I need to see a lot more on that programming model: How will Windows web apps really work, which APIs are available, how will these apps be sold and discovered, and on and on.  Ars Technica had a great question: What's the visual paradigm for apps that want to look modern but aren't appropriate for touch? (link):
"There are plenty of applications that are too complex and fiddly to ever be at home with a touch-first interface—consider a software development environment, or a fully-featured office suite. Leaving these stuck in a Windows 7 ghetto doesn't seem like a good long-term option."

But at least Microsoft is finally trying.  The alternative was to cling to the past and be a stationary target, gradually eaten away by the iPad and Android and Chrome and smartphones and whatever else the web world cooked up.

The risk

There's a downside in all of this for Microsoft.  By embracing the next generation of computing, Microsoft is obsoleting its current products. 

You can see this effect just by watching the Windows 8 preview video (link).  The new interface and its applications look fluid and roomy and relaxing to use.  The interface is smooth and playful.  And then they switch into Windows compatibility mode and there's an explosion of crapola on the screen.  It almost made me gag.

John Gruber says this is a fundamental flaw in Microsoft's approach (link), as does Jason Snell at Macworld (link).  I understand what they're saying -- when you're working on a new paradigm, you don't want to be distracted by any baggage from the old one.  But for Microsoft, this is about more than just responding to the iPad.  It's the company's next computing paradigm, a change as fundamental as the transition from DOS to Windows.  The thing that made the Windows transition work was that Microsoft protected the customers' investment in old applications and data.  You could keep using your old DOS applications while you gradually got used to Windows.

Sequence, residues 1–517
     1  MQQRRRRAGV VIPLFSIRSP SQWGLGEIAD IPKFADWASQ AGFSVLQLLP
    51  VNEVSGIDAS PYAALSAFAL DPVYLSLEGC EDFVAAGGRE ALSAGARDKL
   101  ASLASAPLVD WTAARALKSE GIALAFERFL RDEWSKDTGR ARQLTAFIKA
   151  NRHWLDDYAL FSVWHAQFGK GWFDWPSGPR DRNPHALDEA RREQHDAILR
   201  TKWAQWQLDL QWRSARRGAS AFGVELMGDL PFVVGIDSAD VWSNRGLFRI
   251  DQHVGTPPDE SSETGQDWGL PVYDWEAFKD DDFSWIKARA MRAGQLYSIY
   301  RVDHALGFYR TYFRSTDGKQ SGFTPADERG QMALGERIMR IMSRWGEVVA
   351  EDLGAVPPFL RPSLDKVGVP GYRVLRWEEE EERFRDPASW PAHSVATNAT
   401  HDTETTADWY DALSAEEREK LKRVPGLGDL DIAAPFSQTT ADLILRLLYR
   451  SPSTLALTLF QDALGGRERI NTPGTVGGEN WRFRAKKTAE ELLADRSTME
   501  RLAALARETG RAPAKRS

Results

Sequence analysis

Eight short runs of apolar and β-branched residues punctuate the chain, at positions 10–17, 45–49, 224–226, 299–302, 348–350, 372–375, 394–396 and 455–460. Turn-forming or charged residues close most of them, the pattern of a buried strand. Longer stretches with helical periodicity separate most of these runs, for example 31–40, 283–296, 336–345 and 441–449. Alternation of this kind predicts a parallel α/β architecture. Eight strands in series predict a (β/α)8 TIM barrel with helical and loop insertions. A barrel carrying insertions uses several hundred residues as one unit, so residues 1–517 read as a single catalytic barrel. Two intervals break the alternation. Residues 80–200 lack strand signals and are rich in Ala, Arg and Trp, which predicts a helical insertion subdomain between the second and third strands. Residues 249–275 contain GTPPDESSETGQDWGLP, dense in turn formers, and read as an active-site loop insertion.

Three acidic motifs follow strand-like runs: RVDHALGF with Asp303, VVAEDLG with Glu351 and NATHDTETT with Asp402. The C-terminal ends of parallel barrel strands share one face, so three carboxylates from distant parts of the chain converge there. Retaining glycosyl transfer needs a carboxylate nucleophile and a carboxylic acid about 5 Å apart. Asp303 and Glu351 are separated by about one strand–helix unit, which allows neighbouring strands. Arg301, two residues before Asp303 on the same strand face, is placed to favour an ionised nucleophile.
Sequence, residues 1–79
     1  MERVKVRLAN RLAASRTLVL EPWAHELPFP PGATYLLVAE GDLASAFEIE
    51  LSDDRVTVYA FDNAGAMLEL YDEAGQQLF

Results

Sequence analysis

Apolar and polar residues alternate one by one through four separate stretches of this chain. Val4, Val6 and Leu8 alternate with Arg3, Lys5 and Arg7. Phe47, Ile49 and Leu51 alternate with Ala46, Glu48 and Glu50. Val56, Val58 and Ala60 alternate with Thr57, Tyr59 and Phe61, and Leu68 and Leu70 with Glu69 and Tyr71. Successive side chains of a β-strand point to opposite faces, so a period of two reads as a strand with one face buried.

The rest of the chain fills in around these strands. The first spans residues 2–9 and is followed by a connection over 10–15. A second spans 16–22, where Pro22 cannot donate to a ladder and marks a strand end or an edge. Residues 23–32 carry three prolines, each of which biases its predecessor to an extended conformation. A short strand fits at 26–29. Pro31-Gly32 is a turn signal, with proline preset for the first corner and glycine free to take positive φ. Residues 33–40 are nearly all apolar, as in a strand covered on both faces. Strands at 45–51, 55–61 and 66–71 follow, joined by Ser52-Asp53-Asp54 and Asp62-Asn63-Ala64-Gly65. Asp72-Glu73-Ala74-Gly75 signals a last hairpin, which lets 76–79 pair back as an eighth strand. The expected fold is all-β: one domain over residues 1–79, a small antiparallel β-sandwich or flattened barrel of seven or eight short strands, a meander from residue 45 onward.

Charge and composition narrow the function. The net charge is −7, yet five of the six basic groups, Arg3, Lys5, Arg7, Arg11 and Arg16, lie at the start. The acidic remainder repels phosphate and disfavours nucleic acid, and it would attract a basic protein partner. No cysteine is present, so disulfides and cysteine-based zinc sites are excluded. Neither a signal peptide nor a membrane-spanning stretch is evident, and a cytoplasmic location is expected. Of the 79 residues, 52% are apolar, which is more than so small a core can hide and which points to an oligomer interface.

So users will have an interesting choice.  Apple, with iOS, is making a clean break with the past.  So are Chrome and Web OS.  Microsoft is trying to cherry-pick the best of iOS and WebOS and Chrome, and wrap that into a product that's also backward-compatible.  Let's see, cleaner design versus backward compatible...where have I seen that before?  Oh yeah, Mac vs. Windows, 1990.  I was at Apple at the time, and backward compatibility was the magic key that kept the PC installed base loyal.  I'm sure Microsoft knows that, and they're looking to run the same play again.  Since they are not likely to create something even slicker than Apple, I think they're absolutely right to maintain compatibility in their new product. It's really their only choice.